PSRecon takes a long, cumbersome, and inaccurate process that used to take days to complete and turns it into a quick, effective, and powerful means to instantly acquire forensic data and respond to various threats directly from the LogRhythm SIEM; streamlining a significant portion of the incident response process.

The project is still very much in beta and I’m looking for feedback from the security community to help with ideas and code improvements going forward. So, check out the GitHub repository and let me know how we can make this better!

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Security Awareness: Taking Advantage of Opportunity

Security Awareness is an incredibly important aspect of any security program. As we’ve seen in countless high-profile breaches, users are consistently the path of least resistance into any organization. Which is why training employees to identify ‘suspiciousness’ and react in a safe and effective manner is just as important as maintaining perimeter security and aggregating log data. Since LogRhythm is a security-focused company, we take a more aggressive approach than most when it comes to Security Awareness training by testing our defenses regularly, in realistic ways.

Open Wireless networks are the perfect medium for malicious activity and criminals have leveraged this attack vector in many high profile intrusions for years. One of the more recent and public Wi-Fi attacks came to be known as “Dark Hotel“. In this scenario, the attackers preemptively compromised a hotel network which they know their target would be visiting. They leveraged the Wireless network to deploy their malware to hotel guests for around seven years. This is just one of the more notable breaches involving a public Wireless network; though this case is a bit different than a true rogue AP attack. For this reason, training your employees on the security precautions they can take when using such networks is incredibly important.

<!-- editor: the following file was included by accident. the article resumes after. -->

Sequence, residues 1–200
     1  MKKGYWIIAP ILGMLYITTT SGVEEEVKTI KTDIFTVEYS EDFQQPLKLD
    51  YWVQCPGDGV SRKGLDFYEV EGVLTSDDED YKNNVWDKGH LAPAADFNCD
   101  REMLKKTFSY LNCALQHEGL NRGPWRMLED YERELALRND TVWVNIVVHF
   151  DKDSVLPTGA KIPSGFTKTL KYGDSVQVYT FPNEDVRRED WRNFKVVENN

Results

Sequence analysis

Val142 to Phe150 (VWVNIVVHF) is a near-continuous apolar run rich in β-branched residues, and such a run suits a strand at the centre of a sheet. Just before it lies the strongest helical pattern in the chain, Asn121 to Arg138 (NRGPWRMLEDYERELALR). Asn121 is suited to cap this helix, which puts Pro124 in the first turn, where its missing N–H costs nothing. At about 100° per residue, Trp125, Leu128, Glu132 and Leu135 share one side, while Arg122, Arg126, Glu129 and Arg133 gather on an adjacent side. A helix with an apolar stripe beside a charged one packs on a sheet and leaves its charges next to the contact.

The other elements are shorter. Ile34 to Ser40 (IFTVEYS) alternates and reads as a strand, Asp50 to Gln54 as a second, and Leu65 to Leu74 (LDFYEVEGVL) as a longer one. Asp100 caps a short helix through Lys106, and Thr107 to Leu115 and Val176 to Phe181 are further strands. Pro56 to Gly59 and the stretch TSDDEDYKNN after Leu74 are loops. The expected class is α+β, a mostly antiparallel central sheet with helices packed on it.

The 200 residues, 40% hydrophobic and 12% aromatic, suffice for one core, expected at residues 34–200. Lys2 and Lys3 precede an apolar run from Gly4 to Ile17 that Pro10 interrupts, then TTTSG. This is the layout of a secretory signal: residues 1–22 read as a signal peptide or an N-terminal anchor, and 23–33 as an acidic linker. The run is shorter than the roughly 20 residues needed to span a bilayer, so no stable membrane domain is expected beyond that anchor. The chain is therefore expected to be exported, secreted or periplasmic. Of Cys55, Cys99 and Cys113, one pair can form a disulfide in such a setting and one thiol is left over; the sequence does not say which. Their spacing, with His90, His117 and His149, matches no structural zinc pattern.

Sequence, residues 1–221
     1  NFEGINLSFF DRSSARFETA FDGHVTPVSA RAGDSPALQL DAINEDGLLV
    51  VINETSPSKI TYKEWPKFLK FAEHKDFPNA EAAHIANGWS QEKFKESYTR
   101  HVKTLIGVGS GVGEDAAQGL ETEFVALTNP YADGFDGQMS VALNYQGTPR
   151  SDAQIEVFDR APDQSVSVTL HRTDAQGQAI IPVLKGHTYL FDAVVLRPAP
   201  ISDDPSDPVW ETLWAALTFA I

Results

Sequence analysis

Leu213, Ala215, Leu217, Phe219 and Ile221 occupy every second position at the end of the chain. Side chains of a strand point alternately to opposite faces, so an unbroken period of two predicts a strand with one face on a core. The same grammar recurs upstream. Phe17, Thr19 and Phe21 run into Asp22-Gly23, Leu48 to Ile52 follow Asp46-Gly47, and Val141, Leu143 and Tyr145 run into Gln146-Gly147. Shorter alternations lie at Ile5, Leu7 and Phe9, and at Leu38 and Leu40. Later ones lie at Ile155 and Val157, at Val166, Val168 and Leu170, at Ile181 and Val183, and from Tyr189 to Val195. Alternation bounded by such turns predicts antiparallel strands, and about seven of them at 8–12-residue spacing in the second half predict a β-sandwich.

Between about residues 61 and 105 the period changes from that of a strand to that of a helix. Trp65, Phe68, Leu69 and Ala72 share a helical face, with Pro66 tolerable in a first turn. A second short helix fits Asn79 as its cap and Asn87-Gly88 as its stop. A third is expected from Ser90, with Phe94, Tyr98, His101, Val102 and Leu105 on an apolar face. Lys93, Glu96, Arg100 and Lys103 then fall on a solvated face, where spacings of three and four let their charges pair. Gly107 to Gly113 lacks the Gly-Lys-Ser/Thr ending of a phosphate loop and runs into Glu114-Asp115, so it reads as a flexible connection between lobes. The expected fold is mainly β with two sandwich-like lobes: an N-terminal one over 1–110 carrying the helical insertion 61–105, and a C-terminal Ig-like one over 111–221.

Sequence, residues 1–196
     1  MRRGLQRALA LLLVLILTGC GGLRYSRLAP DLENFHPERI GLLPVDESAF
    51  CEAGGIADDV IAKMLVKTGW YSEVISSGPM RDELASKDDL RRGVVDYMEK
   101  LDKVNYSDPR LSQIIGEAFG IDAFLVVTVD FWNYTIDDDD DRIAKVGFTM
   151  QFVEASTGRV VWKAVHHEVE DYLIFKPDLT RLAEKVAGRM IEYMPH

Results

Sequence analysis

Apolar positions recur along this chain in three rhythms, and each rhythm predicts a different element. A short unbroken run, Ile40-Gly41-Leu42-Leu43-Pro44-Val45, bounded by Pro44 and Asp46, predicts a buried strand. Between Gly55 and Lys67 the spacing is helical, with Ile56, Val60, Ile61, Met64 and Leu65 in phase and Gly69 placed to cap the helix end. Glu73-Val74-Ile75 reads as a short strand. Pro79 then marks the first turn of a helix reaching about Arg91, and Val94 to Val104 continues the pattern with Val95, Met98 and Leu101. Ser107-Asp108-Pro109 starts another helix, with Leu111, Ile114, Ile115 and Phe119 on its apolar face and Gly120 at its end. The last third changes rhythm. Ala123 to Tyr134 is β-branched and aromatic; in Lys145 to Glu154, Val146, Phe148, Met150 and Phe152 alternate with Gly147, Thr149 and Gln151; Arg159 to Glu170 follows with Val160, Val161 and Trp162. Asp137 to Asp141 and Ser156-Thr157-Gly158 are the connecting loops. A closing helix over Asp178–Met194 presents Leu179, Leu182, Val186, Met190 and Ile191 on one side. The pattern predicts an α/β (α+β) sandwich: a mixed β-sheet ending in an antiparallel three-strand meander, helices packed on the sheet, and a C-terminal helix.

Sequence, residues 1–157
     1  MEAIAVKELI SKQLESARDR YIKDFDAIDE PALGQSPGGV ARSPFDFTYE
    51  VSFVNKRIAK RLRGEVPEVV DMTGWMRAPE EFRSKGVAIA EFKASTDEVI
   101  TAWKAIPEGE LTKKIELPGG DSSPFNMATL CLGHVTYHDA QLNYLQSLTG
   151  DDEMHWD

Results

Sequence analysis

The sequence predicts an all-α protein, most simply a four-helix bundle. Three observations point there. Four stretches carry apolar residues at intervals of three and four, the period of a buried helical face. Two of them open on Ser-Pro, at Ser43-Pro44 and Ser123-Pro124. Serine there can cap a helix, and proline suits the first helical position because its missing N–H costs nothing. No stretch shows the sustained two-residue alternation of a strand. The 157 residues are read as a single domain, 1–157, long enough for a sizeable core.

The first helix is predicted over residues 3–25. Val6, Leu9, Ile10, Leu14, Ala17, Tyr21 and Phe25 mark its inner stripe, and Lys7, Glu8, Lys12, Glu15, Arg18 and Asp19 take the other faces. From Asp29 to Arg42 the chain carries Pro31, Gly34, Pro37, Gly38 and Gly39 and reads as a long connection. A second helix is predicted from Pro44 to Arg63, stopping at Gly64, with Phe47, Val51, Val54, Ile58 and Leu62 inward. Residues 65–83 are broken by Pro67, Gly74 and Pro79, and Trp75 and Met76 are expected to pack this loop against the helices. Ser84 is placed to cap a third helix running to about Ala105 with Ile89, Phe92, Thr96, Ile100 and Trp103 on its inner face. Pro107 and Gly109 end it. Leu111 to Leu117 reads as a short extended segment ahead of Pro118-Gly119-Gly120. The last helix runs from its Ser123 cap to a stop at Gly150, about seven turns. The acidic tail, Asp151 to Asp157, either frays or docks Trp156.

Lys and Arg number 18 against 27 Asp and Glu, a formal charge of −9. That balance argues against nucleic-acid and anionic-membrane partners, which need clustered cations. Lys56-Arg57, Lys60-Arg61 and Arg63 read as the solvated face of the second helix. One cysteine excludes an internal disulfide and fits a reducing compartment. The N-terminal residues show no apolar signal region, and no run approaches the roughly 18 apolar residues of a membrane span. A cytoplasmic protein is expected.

Recently, LogRhythm hosted one of our many regular sales events. This is a time when a majority of the organization gathers in Colorado to meet and discuss the future of the company. We decided to use this event as a learning opportunity. Since employees from all around the world gather in one central location for the event, we launched a rogue access point attack with the goal of simulating an adversary targeting LogRhythm employees. This is a fairly straight forward attack in that we hid multiple Wi-Fi Pineapples throughout the hotel and captured employee domain credentials using a custom captive portal (note – we only captured usernames for obvious reasons). Luckily we have some very sharp folks working here and many reported the pineapples immediately, one guy even found one of the Pineapples. Had this been a real attack, it would have been shut down hard and fast due to the diligence of our employees.

Figure 1: Wi-Fi Pineapple

Figure 1: Wi-Fi Pineapple Mark V

Exercises like this are usually not common within non-security focused organizations, however it is important for security awareness training programs to take multiple attack vectors into account when evaluating their overall security posture. By now, most people are well aware of generic phishing attacks – however training exercises such as deploying rogue access points are not often conducted internally. This is why I’d like to walk through how to conduct such an exercise and train your employees to report things that just ‘don’t feel right’.